So Craig has no idea whether David Blade is a lawyer or not.  Barely knows nothin’ about the guy.  “David Blade” apparently quit the law business and dedicated a service almost exclusively to IsAnybodyDown (the “Takedown Lawyer” site warned it couldn’t remove photos from pretty much every other involuntary porn site).  But Craig doesn’t know a thing about him.

An old college buddy, but Craig doesn’t know whether he’s a lawyer or not?  Perhaps the ad on IsAnybodyDown (in which “David Blade” said: “I attended college with the administrator of this website. We are on a first name basis and regularly converse”) was a gimmick and Craig ignored that false statement of fact because it was just an ad.  I doubt it.

You might start to doubt it as well when you realize that Craig expressed concern for Blade’s “multiple children” in emails to Ken White.  But, no, Craig knows nothing about the personal life of “David Blade.”

Or maybe your doubt will grow knowing that Craig and “David Blade” were sending emails from the same computer in Colorado Springs  In those emails, they were using the same I-think-this-is-what-a-lawyer-would-say pig-legalese to defend David Blade.

Emails with similar language sent from the same computer about a service that only removes content from Craig’s site, only advertises on Craig’s site, and whose website is administered by Craig.  But it’s completely independent.  Right.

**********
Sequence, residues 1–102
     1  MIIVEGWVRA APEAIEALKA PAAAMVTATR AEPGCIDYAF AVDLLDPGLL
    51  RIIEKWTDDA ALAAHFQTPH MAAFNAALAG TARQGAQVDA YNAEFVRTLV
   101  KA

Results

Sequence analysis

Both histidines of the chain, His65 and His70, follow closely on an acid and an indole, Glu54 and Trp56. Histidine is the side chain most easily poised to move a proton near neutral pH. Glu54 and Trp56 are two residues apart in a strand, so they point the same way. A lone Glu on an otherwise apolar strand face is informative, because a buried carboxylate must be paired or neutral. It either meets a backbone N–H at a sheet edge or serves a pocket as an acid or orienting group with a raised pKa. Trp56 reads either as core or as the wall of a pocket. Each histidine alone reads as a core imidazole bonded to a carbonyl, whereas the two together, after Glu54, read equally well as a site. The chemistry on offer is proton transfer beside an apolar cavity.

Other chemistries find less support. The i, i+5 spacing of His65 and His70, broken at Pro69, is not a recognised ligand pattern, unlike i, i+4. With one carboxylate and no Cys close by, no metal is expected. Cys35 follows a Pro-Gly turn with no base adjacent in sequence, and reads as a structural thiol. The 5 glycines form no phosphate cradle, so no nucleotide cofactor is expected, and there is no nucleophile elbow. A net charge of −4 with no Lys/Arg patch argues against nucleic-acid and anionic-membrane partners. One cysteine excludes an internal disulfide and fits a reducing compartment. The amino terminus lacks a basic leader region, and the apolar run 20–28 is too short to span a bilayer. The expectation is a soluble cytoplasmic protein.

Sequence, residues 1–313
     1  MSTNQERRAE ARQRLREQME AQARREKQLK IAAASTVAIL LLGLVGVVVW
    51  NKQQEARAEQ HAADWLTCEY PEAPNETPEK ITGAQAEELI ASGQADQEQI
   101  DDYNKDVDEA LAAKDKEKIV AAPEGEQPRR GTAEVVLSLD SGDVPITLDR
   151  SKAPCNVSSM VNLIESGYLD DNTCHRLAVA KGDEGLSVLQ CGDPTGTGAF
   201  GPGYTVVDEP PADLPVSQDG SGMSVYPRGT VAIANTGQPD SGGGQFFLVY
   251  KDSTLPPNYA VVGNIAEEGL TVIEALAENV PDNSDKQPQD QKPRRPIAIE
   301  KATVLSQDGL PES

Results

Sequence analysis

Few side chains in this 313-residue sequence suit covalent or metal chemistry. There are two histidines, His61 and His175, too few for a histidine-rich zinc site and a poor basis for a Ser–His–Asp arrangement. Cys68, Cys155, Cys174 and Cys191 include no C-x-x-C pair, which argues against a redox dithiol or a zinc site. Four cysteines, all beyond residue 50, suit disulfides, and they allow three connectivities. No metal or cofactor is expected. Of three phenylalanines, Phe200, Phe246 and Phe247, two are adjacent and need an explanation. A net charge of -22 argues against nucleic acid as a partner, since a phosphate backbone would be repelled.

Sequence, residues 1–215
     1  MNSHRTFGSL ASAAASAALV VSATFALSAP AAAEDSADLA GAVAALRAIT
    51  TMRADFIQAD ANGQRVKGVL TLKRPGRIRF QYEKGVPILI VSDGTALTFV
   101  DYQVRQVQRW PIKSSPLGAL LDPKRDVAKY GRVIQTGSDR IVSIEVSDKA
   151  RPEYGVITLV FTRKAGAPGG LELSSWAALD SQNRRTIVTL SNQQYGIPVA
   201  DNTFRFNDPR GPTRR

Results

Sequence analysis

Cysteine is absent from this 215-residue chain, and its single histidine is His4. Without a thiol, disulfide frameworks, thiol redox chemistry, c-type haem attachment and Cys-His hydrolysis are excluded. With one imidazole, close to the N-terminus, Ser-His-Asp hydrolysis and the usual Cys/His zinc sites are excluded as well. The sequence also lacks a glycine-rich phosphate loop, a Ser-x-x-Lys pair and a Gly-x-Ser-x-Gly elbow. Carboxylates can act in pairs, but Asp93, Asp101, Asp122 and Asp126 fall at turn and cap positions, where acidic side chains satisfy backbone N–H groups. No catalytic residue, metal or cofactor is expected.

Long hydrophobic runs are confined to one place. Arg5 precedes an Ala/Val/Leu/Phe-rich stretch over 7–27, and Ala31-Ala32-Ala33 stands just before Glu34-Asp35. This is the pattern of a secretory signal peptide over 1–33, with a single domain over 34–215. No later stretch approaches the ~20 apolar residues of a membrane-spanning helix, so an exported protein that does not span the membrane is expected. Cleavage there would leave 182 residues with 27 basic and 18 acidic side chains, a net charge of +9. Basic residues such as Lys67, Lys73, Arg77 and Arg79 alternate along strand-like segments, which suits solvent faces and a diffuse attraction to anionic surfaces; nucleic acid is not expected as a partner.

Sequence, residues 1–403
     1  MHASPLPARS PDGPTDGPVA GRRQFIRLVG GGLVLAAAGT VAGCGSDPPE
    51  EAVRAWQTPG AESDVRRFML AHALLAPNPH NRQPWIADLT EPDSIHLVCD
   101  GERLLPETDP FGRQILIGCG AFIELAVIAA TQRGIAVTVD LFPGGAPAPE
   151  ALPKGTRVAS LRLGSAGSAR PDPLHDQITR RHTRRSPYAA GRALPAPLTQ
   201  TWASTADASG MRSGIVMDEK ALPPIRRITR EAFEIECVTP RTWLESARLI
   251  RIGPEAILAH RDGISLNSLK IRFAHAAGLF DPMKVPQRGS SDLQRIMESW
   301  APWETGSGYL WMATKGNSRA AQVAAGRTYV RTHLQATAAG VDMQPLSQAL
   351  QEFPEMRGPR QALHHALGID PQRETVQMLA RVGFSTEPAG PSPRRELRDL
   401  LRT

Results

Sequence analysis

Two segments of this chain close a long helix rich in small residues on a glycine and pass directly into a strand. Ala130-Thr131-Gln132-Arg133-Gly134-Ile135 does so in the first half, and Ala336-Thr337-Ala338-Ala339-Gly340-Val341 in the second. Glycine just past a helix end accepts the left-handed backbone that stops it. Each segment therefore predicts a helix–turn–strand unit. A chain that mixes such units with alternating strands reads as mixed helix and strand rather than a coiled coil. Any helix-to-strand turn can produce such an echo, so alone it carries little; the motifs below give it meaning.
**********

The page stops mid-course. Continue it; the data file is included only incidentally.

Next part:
Craig tells the Independent:  “I’ve always been a big fan of transparency. […] The public wants the truth, even if the truth is not as pretty.”

So, be transparent: who is David Blade?

 

2. How does IsAnybodyDown.com get its photos? Does Craig respond to Craigslist personals ads?

Craig asserts that half of the people on his site were posting their photos on Craigslist — part of his bizarre claim that people somehow consent to being pictured on his site.  There is substantial evidence that Craig (or someone else) responds  to Craigslist personals ads, then posts the pictures.  If he does so, that’s disturbingly dishonest, and spinning it as “consent” is an appalling step towards blaming the victim — a victim created by the site.

 

Craig’s Miscellaneous Errata:

Craig, in his response to the Independent, gets almost every fact related to IsAnybodyDown.com wrong: